Shinobazu no Ike, or Shinobazu Pond, is located in Ueno Park, Tokyo. This is all that remains of the marsh that has been filled since Edo was established in the seventeenth century. The eastern part of Tokyo was reclaimed from this marsh and is protected by a series of flood walls. During World War II, the pond was used for growing rice. After the war, discussions on whether to convert the area to baseball fields were held. Boating on this pond goes back to 1931. This image is from our book Earth, Water, Fire, Wind, Emptiness: Tokyo Landscapes. Click on the image for a larger view.
What looks like a peaceful Japanese garden is Number 3 Daiba, a fortification built in 1853 as a response to attempts by US Commodore Perry to open Japan. Beyond that is the artificial island of Odaiba, which was constructed after World War II and one of the planned sites for the 2020 Tokyo Olympic Games. Between the two high-rise apartment building on the left is Tokyo Gate Bridge, the furthest extent of the city into the bay. Number 3 Daiba was originally built several kilometers off the coast of the city in open water. This image comes from our book Earth, Water, Fire, Wind, Emptiness: Tokyo Landscapes. Click on the image for a larger view.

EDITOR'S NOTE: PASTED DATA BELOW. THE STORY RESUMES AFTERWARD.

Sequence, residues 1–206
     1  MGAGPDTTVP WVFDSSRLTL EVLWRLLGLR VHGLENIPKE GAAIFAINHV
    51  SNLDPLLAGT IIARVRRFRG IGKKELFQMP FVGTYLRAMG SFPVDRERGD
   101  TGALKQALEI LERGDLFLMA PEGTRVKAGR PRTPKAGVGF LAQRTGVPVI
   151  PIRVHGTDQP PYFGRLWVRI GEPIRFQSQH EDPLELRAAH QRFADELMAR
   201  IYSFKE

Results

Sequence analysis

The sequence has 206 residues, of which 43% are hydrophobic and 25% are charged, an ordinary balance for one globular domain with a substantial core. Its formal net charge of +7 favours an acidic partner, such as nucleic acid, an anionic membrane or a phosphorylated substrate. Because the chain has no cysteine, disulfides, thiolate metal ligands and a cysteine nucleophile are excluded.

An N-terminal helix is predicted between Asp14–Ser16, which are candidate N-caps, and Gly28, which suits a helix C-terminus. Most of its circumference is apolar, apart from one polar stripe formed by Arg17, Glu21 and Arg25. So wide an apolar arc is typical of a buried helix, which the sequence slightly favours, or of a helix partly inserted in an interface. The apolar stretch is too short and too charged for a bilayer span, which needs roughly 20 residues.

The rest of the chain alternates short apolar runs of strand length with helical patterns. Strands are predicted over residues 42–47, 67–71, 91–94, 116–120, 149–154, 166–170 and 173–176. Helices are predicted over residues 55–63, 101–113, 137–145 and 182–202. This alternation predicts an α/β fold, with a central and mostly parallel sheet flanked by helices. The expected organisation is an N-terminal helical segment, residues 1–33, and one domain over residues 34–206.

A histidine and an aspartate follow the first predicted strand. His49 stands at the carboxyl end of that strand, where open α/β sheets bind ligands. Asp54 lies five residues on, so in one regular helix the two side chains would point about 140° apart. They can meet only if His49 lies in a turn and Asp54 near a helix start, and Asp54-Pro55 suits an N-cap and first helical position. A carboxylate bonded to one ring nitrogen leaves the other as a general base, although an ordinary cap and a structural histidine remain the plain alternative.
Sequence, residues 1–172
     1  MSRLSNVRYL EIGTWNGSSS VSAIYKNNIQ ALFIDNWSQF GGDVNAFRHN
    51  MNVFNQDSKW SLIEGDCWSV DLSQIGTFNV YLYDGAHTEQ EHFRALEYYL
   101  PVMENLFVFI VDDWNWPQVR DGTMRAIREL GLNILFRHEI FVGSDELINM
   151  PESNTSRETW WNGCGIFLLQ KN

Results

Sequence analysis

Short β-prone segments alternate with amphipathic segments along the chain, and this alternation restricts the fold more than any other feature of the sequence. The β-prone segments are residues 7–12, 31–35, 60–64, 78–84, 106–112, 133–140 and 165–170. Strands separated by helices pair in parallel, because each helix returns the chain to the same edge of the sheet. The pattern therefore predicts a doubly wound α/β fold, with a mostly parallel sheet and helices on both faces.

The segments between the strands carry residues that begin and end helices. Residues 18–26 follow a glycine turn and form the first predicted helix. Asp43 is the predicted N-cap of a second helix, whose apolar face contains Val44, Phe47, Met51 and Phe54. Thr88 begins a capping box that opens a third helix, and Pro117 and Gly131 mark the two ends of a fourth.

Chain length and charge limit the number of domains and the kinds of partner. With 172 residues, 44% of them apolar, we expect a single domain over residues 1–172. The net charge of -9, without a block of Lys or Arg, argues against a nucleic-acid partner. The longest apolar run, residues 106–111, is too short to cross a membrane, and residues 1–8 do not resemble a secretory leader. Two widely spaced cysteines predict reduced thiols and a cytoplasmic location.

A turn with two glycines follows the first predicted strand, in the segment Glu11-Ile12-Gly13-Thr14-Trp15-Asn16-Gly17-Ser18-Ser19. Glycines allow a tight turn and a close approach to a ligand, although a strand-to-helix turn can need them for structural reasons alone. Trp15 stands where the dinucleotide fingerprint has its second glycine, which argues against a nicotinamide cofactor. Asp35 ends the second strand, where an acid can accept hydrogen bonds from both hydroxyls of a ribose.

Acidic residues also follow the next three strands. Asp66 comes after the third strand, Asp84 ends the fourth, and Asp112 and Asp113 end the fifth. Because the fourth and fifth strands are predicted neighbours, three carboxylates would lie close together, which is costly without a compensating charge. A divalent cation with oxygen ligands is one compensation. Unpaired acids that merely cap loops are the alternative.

Kasai Rinkai Park is on Tokyo Bay. It is an artificial island built to preserve the natural habitat of Tokyo bay destroyed by development. The bridge in in the background is the main highway that connects Tokyo with Chiba, Tokyo Disneyland, and Narita International Airport. The loudspeakers on the post warn people of approaching tsunamis. This image is from our book Earth, Water, Fire, Wind, Emptiness: Tokyo Landscape. Click on the image for a larger view.
Florida seems to be in an never ending cycle of development. I have documented this land in previous images. Click on the image for a larger view.
Taking off from Ronald Reagan International Airport in Washington is quite an experience. First, the airport itself feels more like a bus station than an international airport. Second, the aircraft have to climb quickly and bank sharply away from the city. One thing strikes you looking down on the nation’s capital is how short it is. Unlike most capitals, there are no tall buildings. The Washington Monument, which is not technically a building, is the tallest structure in the city. Click on the image for a larger view.